Putin says Russian invasion will achieve ‘noble’ aims

Russian leader Vladimir Putin has said his invasion of Ukraine will achieve what he called its “noble” aims.

Speaking alongside Belarusian leader Aleksandr Lukashenko, Mr Putin claimed that a clash with Ukraine had become “inevitable”.

Mr Putin said he had been left with no choice but to launch the invasion in a bid to protect the Russian speaking Donbas region.

The UN says 10 million people have fled their homes since the invasion began.

But during a public appearance marking the 61st anniversary of Yuri Gagarin becoming the first man in space, Mr Putin insisted that his forces are aiding oppressed people in separatist regions of Ukraine.

“On the one hand, we are helping and saving people, and on the other, we are simply taking measures to ensure the security of Russia itself,” the 69-year old insisted.

“It’s clear that we didn’t have a choice. It was the right decision,” he said, adding “the goals are perfectly clear, they are noble.”

The Kremlin claims that Ukraine has committed genocide against Russian speakers in eastern Ukraine, but there is no evidence to suggest that is the case.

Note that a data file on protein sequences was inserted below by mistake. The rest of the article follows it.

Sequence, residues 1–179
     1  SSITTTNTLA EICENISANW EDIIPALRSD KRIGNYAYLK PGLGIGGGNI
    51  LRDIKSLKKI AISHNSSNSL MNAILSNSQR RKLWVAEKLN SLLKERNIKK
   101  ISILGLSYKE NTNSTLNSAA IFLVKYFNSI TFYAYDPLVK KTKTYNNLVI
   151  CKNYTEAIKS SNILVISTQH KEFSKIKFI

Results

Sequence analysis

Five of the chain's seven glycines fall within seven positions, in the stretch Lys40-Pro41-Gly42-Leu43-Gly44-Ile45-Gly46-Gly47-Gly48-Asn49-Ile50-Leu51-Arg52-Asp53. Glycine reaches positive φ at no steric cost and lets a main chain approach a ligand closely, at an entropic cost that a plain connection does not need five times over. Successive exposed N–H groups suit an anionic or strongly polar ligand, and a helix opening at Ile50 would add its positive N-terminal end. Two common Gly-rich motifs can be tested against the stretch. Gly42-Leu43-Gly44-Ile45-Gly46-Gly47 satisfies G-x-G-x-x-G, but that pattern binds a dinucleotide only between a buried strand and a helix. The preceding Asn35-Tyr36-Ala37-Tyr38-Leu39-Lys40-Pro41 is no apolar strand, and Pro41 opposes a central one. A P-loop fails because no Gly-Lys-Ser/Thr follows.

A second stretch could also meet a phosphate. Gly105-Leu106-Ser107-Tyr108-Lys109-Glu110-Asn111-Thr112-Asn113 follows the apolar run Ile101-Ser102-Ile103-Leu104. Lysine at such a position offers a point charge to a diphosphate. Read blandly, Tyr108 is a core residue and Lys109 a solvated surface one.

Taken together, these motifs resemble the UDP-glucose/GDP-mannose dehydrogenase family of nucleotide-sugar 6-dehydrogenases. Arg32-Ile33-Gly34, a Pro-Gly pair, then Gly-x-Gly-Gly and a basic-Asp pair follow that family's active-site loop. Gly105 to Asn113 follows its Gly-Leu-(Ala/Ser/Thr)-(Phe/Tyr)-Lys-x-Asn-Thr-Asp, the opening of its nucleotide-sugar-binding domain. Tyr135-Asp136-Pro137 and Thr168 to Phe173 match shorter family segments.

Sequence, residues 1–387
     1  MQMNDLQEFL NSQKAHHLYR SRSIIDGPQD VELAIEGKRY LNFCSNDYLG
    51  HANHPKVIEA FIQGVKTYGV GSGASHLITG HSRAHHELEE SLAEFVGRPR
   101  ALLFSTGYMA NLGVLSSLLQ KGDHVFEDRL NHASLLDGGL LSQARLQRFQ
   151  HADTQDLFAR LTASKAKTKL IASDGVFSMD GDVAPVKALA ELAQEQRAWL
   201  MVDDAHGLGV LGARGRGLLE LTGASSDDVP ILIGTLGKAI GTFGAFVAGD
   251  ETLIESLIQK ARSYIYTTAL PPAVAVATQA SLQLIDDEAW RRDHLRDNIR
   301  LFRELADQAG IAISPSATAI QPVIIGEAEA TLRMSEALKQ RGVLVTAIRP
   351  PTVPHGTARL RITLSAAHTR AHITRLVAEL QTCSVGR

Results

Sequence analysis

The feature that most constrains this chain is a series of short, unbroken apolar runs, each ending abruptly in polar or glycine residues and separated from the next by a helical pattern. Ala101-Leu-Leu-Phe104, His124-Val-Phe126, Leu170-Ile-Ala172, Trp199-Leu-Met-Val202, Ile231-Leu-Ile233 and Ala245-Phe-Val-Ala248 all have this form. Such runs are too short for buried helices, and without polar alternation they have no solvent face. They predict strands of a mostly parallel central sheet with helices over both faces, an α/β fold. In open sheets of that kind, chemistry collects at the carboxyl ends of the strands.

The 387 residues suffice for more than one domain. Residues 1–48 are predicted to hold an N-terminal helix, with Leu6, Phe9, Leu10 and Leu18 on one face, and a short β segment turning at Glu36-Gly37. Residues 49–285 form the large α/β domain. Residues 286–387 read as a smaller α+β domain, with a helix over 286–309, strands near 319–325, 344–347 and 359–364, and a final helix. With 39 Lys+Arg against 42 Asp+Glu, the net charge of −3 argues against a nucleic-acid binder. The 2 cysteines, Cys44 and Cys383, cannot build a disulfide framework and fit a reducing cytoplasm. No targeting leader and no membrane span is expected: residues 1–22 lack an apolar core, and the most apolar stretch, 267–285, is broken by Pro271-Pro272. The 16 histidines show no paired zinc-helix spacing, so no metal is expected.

More than 10 million people have been forced to flee their homes since the invasion began and the Russian economy has been rocked by a package of severe sanctions imposed by Western nations.

However, the Russian president said that Russia does not “intend to be isolated”, arguing that it is “impossible to severely isolate anyone in the modern world – especially such a vast country as Russia”.

Speaking from the Vostochny Cosmodrome, some 3,450 miles (5550 km) east of Moscow, the Russian leader also drew upon the success of the Soviet space programme, comparing Gagarin’s achievement during the Cold War to Russia’s current international isolation.

“The sanctions were total, the isolation was complete but the Soviet Union was still first in space,” Mr Putin said.

Mr Lukashenko also dismissed the impact of sanctions, asking Mr Putin “why an earth are we getting so worried about these sanctions?”

Last week, the UK government predicted that Russia is heading for its deepest recession since the collapse of the Soviet Union.

The UK Foreign Office said Russia’s GDP is expected to contract by between 8.5% and 15% this year, as the impact of international sanctions take hold.